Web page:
• AUTHOR: // CATEGORY: Let's Reflect


    Hello Cool Cats

    I received an email from a lovely educator called Poh Lin. She is looking at changing her room to be more of an emergent program

    Have a look at what she wrote and I would love you to give her some advise


    Mrs B


    When I look at my room, I always ask myself whether it reflects what I believe in? whether the room represent diversity? whether it is a welcoming room to all the children and families?

    The one thing that I need to improvise is having shelves and placing resources in the shelves for the children to access the resources instead of going into the store room daily to get the resources out for the children to play.

    Our morning arrival routine is like this: The early morning staff member will choose toys from the store room to place on the tables for the arrival of the children. We find that this help to settle children who come early and when they see the toys on the tables. What do you think of this? I have one assistant who is very enthusiastic and she will set up almost the entire room. Sometimes I question whether are we giving the children choice? Meaning do we always set up the resources for them? or shouldn’t we allow the children to choose what they would like to do for today?


9 Responses to Can you help Poh Lin – Educator for a 2-3 yr. old group

  • Na'eemah Seedat wrote on August 13, 2012 at 3:43 // Reply

    Hi Poh Lin.

    I think that you should give the children the freedom to choose their activity so that they choose something which is of interest to them and they don’t look at it as ‘work’. Shelves are great for laying out many activities making sure that there is only one of each avtivity on the shelf so that the children learn to share and have the patience to wait for an activity if someone else is busy with it. However, if you do not have shelves,you could always see for alternatives, you could maybe place each activity on trays and place them on the windowsills or on a few tables or even on a carpet in the classroom maybe,that gives children the freedom of choice and also gives them the responsibilty of unpacking,packing and replacing the activity where it belongs.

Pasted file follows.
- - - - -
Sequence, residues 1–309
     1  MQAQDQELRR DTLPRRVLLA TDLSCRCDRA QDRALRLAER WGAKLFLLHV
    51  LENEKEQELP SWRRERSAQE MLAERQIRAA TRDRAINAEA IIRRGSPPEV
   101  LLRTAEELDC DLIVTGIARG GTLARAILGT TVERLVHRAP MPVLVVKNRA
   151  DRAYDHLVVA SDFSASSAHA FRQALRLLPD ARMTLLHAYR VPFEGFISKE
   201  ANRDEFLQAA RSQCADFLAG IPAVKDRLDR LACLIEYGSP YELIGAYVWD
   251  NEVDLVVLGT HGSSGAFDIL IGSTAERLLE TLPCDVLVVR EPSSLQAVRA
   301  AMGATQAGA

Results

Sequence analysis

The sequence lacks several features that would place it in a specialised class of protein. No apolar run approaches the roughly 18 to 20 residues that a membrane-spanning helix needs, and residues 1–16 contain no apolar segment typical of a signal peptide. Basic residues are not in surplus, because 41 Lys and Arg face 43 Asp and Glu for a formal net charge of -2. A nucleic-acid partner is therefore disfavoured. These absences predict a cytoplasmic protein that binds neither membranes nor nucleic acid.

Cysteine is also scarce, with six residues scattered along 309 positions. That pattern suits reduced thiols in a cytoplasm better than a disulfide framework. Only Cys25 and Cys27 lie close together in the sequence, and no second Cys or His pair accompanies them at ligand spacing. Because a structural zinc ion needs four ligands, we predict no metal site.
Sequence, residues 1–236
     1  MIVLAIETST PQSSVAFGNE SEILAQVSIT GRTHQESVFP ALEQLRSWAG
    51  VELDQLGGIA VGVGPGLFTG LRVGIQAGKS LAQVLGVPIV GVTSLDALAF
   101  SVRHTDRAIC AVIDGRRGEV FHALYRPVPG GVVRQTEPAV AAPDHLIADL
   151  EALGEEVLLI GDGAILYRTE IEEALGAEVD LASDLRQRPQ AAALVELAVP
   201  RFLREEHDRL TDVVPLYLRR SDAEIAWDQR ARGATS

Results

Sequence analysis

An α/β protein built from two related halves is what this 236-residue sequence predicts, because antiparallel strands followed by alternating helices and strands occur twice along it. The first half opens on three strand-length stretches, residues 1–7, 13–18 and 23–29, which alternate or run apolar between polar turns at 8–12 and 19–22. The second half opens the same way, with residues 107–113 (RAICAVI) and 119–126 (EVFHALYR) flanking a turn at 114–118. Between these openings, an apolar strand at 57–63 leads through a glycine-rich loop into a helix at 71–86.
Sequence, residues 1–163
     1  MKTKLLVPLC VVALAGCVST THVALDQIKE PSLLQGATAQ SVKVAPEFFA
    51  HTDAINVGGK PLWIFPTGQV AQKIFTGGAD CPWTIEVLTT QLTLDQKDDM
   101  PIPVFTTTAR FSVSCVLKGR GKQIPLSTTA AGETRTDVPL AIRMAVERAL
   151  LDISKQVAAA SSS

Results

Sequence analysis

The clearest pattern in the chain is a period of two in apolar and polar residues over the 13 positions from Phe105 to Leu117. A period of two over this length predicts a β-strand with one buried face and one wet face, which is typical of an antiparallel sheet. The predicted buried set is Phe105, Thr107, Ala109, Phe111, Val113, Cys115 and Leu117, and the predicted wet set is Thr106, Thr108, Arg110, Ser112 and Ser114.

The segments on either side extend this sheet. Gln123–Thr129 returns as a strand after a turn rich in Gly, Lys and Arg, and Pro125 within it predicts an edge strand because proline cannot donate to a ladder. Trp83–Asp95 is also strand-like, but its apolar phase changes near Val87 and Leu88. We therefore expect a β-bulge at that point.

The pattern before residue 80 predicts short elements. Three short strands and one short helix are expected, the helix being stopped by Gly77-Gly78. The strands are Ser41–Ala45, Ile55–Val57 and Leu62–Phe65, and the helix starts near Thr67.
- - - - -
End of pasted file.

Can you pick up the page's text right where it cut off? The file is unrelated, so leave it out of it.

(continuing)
• Mrs B wrote on August 13, 2012 at 5:26 // Reply

      Thank you Miss M for your reply, that is great advice. I too think giving children the choice is very important. At my last centre we have a few children that came quiet early, to help them transition we would ask them what they would like to set up, then we would set up our experiences that were extensions from previous days. This worked very well. Thank you so much for the advise on having one activity per shelf. This is such good advice. We need to give children opportunities to succeed. If you have many items out it will become to much for them. I like the less is more attitude as you can always add throughout out the day.
      I found when implementing an emergent program the first thing we needed to do is speak to the children about the Room Rules, discuss with them what will happen if all the toys go on the floor and no one picks them up etc. Have the children decide what the room rules are with your guidance. Once established continue to go back and talk about them. Remind the children and congratulate them when ever you see following the rules. This will teach all that are apart of the environment (children, educators, parents, students, visitors etc) to respect each other and look after the learning materials in the centre.
      I will add some web links and photos of inspiring play spaces to support Poh Lin.
      I encourage educators to comment on what works well.
      Thank you again Miss S for you comment
      Mrs B

  • anna wrote on August 14, 2012 at 7:41 // Reply

    Hi There fellow Educator,
    I believe children do need to choose and if the room is set up with small interest areas and on the shelves place medium size baskets of toys, making sure the shelves are labeled with pictures of the toys. What I’m trying to say is make it structured, yet inviting. Only place out the toys inwhich the children are interested in.